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Given this mapping definition: /order/:meal/:cheese

Parse this string /order/hamburger/american into {meal:'hamburger', cheese:'american'}.

I was playing around with Journey's internals trying to figure out if this is possible outside of rails. There are other SO questions that show how it's possible within Rails using recognize_path. And I know you could easily accomplish this with a regex or split but I'd like the extra parsing features for free (like :format etc).

Here's something that works. Just wondering if anyone has improvments. I'm basically zipping/combining up two parts of the Journey matches (names and captures) to make a match hash (like what recognize_path). Just wondering if anyone has reached into Journey and tried to do the same thing.

require 'journey'

def hashify_match matches
  h = {}
  matches.names.each_with_index do |key, i|
    h[key.to_sym] = matches.captures[i]
  end
  h
end

pattern = Journey::Path::Pattern.new '/order/(:meal(/:cheese))'
matches = pattern.match '/order/hamburger/american'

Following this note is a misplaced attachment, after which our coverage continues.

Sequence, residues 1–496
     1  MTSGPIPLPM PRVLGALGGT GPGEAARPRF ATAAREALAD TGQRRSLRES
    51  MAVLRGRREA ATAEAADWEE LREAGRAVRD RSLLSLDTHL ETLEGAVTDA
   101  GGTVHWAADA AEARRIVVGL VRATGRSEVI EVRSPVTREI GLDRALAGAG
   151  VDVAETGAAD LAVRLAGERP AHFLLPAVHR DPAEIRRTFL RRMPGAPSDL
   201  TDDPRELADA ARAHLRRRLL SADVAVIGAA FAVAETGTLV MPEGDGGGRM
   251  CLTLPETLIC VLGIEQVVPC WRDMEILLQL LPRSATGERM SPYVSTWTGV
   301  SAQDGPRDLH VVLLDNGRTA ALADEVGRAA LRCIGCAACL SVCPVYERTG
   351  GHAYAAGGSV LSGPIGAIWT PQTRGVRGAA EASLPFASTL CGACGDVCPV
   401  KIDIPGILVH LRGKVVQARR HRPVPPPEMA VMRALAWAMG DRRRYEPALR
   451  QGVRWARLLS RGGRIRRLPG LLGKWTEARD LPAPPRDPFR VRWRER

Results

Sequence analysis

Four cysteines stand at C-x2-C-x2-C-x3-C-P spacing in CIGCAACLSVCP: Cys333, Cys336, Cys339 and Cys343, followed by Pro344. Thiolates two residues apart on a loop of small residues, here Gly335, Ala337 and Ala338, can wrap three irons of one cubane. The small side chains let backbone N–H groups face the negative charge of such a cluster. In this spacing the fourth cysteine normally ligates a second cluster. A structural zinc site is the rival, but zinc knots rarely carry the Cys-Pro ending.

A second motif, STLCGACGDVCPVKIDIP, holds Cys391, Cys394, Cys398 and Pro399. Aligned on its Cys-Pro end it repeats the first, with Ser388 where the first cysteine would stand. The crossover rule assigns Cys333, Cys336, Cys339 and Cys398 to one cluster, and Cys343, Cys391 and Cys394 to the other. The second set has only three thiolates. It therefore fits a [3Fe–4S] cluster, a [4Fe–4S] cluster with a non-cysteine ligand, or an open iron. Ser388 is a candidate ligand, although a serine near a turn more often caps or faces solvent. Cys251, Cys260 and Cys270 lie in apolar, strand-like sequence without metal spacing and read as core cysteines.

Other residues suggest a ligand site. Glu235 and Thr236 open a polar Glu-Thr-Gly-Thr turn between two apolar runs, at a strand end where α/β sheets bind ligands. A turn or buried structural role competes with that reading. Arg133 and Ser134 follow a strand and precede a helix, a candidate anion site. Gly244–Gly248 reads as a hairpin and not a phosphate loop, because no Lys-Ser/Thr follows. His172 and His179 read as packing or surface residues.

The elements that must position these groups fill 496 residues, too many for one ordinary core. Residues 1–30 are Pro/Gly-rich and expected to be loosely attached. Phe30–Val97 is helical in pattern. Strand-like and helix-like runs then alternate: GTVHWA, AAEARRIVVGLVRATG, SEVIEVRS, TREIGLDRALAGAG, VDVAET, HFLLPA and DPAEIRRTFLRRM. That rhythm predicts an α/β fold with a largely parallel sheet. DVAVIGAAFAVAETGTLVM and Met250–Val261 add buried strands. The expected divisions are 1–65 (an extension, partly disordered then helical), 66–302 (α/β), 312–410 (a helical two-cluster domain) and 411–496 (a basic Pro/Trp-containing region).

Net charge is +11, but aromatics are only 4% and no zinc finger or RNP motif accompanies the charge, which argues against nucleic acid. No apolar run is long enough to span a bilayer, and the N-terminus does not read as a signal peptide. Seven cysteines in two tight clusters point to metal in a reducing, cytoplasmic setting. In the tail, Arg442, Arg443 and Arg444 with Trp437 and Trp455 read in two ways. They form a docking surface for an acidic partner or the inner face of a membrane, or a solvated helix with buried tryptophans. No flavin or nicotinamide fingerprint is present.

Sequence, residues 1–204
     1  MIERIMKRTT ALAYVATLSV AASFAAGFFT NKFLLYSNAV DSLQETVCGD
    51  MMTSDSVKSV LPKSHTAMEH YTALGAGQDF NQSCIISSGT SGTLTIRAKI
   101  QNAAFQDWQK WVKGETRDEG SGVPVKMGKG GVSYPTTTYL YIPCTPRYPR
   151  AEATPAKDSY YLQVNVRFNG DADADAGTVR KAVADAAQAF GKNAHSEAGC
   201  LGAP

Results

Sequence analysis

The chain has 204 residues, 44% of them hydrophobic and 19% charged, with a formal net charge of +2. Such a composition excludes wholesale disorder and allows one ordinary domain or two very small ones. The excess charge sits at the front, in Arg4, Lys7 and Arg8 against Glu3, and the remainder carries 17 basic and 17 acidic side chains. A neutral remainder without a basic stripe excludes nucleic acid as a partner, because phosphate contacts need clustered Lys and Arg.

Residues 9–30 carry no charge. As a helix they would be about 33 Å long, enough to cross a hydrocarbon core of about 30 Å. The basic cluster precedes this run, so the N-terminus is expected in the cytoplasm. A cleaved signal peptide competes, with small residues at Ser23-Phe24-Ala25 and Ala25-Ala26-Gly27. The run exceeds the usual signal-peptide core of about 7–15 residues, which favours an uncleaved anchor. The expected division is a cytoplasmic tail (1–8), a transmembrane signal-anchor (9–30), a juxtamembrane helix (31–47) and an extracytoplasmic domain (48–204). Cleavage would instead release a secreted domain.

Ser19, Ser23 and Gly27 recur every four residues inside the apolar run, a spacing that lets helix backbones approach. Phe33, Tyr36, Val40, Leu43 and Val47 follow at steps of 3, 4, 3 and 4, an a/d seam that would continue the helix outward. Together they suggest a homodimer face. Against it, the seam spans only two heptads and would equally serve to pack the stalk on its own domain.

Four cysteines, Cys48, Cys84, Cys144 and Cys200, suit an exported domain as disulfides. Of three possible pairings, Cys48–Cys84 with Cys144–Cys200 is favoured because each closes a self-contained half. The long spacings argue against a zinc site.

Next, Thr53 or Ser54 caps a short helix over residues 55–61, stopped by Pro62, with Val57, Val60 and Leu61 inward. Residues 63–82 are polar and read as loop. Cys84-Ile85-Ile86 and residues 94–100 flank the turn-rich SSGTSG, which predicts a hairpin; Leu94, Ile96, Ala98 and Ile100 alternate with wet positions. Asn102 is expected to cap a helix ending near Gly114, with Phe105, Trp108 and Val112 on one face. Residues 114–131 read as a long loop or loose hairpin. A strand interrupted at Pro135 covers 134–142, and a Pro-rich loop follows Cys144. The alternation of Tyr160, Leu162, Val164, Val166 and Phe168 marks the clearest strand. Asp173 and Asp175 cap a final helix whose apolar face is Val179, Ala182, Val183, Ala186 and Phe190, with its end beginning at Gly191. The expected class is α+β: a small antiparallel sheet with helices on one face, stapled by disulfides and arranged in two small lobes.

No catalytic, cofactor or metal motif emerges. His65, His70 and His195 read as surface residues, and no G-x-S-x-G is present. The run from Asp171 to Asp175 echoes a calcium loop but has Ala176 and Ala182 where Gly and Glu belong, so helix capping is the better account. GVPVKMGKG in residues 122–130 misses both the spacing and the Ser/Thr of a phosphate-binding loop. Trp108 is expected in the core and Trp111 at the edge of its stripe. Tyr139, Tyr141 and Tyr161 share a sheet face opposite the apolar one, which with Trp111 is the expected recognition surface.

puts hashify_match matches

matches = pattern.match '/order/hotdog/cheddar'
puts hashify_match matches

Here's what prints out.

{:meal=>"hamburger", :cheese=>"american"}
{:meal=>"hotdog", :cheese=>"cheddar"}

Is there another part of Journey that I might use to build the match hash? See, matches.names and matches.captures really are Array objects and this feels like a hack. Certainly some part of Rails puts these together at some point.

Notice that only the Journey gem (included in Rails 3.2.0+) is used.

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1 Answer 1

up vote 2 down vote accepted

Journey::Router does it here:

    match_data  = r.path.match(req.path_info)
    match_names = match_data.names.map { |n| n.to_sym }
    match_values = match_data.captures.map { |v| v && Utils.unescape_uri(v) }
    info = Hash[match_names.zip(match_values).find_all { |_,y| y }]

So it doesn't look as though there is a convenient way to do what you're trying to do.

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Yeah I guess not. Thanks. –  squarism Feb 22 '13 at 18:05
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